icon bookmark-bicon bookmarkicon cameraicon checkicon chevron downicon chevron lefticon chevron righticon chevron upicon closeicon v-compressicon downloadicon editicon v-expandicon fbicon fileicon filtericon flag ruicon full chevron downicon full chevron lefticon full chevron righticon full chevron upicon gpicon insicon mailicon moveicon-musicicon mutedicon nomutedicon okicon v-pauseicon v-playicon searchicon shareicon sign inicon sign upicon stepbackicon stepforicon swipe downicon tagicon tagsicon tgicon trashicon twicon vkicon yticon wticon fm
17 Jul, 2023 22:00

Over 50 countries close to debt default – UN

Talks with the G20 on relief for borrowers are reportedly “not advancing at all”
Over 50 countries close to debt default – UN

The UN Development Programme (UNDP) has issued an alarm about the plight of developing countries as a key meeting of G20 ministers in India stalls on the subject of debt relief. This follows a report last week from the UN detailing the threat of public debt to half the globe. 

G20 representatives met on Monday in Gandhinagar, Gujarat but made little to no progress in discussions about restructuring the debt held by developing nations, AP reported.

“I think the bottom line is, as of [July] 2023, the issue of debt restructuring is really not advancing at all on a scale that is called for and needed,” UNDP administrator Achim Steiner told Reuters, calling the situation a “grave concern.” 

Last week, UN Secretary General Antonio Guterres warned that 52 countries had no way to reduce their debt burden and were approaching default. Promoting a UN Conference on Trade and Development (UNCTAD) report on the growing problem of debt, Guterres said that 3.3 billion people lived in countries that were spending more on interest payments than on health or education.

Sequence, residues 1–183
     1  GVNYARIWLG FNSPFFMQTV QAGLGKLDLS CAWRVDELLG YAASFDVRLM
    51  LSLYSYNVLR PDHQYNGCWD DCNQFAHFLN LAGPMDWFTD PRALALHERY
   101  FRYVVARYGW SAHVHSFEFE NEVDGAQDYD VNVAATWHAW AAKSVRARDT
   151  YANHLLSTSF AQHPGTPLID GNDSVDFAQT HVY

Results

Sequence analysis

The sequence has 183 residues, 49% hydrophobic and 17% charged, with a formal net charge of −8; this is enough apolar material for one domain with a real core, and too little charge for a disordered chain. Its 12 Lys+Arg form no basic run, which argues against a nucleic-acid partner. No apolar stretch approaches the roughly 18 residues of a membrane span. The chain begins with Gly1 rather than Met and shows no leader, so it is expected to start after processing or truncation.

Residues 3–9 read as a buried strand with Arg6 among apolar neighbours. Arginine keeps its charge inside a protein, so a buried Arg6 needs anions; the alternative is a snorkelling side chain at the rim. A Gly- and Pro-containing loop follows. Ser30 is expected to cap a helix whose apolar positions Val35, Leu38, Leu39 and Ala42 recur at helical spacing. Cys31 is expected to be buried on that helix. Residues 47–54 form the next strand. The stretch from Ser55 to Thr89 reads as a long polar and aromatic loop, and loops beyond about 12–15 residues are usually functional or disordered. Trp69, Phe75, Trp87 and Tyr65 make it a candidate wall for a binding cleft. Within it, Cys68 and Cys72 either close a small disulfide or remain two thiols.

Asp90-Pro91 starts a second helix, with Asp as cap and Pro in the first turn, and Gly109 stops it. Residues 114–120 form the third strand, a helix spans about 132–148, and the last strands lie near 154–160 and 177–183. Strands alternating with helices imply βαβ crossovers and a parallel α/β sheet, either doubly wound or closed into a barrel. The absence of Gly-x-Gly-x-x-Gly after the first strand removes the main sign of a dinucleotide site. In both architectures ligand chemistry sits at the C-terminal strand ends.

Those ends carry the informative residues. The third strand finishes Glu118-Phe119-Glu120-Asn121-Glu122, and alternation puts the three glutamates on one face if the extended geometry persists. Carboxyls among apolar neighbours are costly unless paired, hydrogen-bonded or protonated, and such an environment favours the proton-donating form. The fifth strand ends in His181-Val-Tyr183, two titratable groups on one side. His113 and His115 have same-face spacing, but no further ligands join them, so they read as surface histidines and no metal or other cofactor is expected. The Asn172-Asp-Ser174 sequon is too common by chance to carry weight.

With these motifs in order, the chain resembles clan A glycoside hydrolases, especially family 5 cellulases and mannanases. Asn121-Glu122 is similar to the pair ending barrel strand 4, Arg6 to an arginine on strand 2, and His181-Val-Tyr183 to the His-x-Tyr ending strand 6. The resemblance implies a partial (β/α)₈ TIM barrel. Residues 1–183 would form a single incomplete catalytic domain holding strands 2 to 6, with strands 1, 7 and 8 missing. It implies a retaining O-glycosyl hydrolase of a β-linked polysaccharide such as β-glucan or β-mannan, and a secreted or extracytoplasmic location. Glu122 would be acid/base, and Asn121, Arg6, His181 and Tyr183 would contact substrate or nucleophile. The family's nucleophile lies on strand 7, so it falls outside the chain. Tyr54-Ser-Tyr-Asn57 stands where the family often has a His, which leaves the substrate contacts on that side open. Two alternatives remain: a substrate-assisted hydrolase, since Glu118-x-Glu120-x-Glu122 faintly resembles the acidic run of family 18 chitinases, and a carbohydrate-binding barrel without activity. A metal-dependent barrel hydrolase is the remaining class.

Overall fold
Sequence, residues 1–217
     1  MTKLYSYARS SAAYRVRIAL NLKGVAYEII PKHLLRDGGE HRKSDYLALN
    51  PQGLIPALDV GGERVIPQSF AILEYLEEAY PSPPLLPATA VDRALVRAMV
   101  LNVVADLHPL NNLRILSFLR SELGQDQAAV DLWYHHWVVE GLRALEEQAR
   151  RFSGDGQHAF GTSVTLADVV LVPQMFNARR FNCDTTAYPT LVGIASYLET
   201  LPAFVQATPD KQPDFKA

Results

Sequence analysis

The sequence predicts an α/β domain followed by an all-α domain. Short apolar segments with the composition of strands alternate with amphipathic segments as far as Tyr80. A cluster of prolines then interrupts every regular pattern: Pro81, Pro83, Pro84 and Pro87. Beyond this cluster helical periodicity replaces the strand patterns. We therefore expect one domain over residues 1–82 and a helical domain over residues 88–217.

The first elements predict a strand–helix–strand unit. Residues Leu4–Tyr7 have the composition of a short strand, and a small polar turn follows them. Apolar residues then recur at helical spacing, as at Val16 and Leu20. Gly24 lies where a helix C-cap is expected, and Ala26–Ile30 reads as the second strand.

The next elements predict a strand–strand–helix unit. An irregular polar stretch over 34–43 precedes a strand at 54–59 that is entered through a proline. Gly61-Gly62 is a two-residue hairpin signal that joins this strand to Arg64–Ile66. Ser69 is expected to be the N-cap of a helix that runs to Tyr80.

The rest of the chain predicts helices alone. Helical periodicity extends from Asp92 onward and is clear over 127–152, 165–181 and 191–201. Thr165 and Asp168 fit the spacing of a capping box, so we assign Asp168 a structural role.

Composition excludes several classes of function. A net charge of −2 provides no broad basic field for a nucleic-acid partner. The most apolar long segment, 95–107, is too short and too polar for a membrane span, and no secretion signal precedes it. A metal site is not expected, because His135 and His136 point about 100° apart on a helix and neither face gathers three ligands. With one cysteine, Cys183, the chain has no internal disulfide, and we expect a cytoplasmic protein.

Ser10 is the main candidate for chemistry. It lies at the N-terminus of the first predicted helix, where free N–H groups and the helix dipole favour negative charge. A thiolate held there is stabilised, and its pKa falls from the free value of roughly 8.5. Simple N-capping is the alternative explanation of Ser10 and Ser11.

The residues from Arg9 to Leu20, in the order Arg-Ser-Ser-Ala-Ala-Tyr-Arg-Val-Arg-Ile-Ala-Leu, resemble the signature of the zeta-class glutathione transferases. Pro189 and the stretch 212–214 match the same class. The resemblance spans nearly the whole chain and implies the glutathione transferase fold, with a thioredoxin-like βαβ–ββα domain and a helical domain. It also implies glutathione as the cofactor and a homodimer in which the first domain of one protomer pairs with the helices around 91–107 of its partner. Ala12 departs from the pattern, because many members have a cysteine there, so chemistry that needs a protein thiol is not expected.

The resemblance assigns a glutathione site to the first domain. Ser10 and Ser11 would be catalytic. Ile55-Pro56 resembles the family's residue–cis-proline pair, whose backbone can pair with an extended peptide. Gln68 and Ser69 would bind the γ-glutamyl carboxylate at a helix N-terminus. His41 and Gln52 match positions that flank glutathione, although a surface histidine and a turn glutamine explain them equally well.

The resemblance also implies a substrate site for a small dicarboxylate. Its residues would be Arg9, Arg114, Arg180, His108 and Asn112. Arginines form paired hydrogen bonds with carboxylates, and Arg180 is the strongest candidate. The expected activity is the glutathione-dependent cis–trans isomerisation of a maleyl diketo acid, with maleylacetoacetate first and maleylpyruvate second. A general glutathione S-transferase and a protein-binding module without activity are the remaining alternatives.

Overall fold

“This is more than a systemic risk – it’s a systemic failure,” Guterres said last Wednesday.

UNCTAD specified that at least 19 developing nations spent more on interest than on education, and in another 45 it amounted to more than spending on healthcare. According to the UN agency, almost 40% of the world is in serious debt trouble.

Particularly alarming was the “inherent inequality in the international financial system, burdening developing countries disproportionately,” UNCTAD said, noting that African countries were paying four times more in interest than the US, and eight times more than the richest nations of Europe. Restructuring this debt is proving difficult because 62% of it is now held by private creditors, up from 47% a decade ago.

Global public debt has reached the all-time-high of $92 trillion in 2022, Guterres warned last week, in a five-fold surge since 2000. The UNDP has attributed the increase to the Covid-19 pandemic and the surge in inflation and interest rates. The UN agency estimated that more than 20% of the world’s population – around 1.65 billion people – are now struggling to put food on the table and subsist on less than $3.65 a day. 

The warnings by Guterres and UNDP went largely unnoticed due to the NATO summit in Lithuania, where the US-led military bloc pledged even more funding for the conflict in Ukraine.